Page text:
Oct 15

Mighty Humans are Actually Quite Puny

What if we could design a solar cell that borrows energy from the future? Sort of a time-warpy thingamajigger.

It’d be quite the surprise to put an ammeter to a solar cell only to find out that it is producing more energy than is falling on its surface, a lot more. And even weirder, it would still produce energy at night when no solar radiation is falling on it at all.

How could that possibly be?

Because it’s borrowing energy from the future, that’s how. Ha Ha.

This is a concept I’m going to exploit in another learning outcome novel I’m going to write…

So in this future world, NIMBY (not-in-my-backyard) activists come out to protest its use, naturally. They say, “We are ruining our kids’ and grandkids’ future by stealing their sunlight!”

Hmm.

Well, how bad is it going to be? What will the sun look like in a 100, 1,000 or a 1,000,000 years? Noticeably dimmer? 

Actually, no.

I looked at the sun’s current annual output. It’s around: 

image

ergs per second.

[source: https://helios.gsfc.nasa.gov/qa_sun.html]

That’s equal to:

image

terawatts.

That’s a big number.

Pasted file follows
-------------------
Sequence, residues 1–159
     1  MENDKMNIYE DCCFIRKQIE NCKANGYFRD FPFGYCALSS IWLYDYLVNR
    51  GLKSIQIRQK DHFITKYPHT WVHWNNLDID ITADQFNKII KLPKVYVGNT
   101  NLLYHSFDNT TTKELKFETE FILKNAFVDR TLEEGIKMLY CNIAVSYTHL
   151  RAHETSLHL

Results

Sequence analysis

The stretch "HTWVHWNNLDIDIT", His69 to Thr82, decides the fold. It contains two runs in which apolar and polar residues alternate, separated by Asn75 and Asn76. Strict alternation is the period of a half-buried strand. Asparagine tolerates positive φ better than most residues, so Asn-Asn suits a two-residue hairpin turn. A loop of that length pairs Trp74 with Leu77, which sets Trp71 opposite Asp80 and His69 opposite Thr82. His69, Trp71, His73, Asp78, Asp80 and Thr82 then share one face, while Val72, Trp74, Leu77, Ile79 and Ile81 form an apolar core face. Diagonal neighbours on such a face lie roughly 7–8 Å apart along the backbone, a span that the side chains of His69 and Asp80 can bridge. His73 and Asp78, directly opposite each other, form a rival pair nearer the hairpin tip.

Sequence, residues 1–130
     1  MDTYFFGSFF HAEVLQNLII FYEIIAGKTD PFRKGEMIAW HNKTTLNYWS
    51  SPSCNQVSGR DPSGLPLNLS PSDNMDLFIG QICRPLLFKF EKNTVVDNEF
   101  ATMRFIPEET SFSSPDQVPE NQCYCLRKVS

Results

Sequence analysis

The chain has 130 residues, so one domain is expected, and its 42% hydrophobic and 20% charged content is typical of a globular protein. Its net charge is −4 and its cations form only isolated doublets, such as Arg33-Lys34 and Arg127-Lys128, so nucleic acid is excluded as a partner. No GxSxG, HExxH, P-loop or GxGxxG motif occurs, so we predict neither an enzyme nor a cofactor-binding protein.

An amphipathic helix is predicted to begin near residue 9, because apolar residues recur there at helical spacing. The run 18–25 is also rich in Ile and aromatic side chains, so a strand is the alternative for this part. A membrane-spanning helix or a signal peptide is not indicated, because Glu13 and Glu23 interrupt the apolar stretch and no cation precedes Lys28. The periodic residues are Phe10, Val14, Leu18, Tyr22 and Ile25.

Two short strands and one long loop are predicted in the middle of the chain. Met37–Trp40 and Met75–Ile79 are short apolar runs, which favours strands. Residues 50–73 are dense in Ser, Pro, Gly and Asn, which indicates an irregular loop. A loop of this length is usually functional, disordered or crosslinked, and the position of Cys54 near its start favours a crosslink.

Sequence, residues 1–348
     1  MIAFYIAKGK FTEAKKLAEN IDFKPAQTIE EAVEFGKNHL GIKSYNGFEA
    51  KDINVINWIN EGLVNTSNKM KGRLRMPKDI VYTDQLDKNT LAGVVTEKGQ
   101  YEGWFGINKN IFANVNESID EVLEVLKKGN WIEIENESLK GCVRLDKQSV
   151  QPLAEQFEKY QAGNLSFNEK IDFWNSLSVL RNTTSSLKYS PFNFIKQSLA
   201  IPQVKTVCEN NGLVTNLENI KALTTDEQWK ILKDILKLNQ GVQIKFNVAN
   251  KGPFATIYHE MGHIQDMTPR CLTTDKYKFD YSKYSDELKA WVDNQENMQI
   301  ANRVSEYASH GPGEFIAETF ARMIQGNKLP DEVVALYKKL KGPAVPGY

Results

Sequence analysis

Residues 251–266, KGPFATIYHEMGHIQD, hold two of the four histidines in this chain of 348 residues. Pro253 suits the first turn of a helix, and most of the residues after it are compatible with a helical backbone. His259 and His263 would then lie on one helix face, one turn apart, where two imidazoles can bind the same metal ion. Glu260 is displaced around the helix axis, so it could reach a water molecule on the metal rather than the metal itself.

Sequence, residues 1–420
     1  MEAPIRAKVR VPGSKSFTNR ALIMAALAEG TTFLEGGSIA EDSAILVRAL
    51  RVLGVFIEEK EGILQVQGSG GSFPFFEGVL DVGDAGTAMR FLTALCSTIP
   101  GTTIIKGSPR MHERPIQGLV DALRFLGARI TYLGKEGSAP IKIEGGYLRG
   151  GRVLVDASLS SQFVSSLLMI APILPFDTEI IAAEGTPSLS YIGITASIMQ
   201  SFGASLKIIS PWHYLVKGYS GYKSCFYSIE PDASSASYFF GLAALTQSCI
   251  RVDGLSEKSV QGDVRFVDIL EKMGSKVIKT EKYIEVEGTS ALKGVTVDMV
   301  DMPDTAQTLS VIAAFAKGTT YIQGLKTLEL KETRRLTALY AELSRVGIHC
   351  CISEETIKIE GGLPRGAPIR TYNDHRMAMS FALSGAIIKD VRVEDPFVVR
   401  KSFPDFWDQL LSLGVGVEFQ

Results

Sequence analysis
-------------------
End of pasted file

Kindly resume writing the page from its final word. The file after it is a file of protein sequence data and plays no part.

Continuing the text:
Earth’s primary energy supply in 2014  was 155,481 terawatt-hours according to, http://www.economist.com/printedition/specialreports?story_id=.

Now if earth “stole” one million years of current (2014) earth’s primary energy supply from the future, that would represent:

image

of one year’s energy production of Sol.

To put that in perspective, Space.com reports that Sol is a very stable producer of energy, viz:

The sun is a constant star when compared with many others in the galaxy. Some stars pulsate dramatically, varying wildly in size and brightness and even exploding. In comparison, the sun varies in the amount of light it emits by only 0.1 percent over the course of a relatively stable 11-year-long pattern known as the solar cycle, https://www.space.com/19280-solar-activity-earth-climate.html.

This means that if humans did borrow energy from the sun’s future over the next million years, it would only amount to about a third of the sun’s normal variance over its 11-year cycle, a trivial amount I suspect.

@ Quantum_Entity

Note: this blog post is for entertainment purposes only. 

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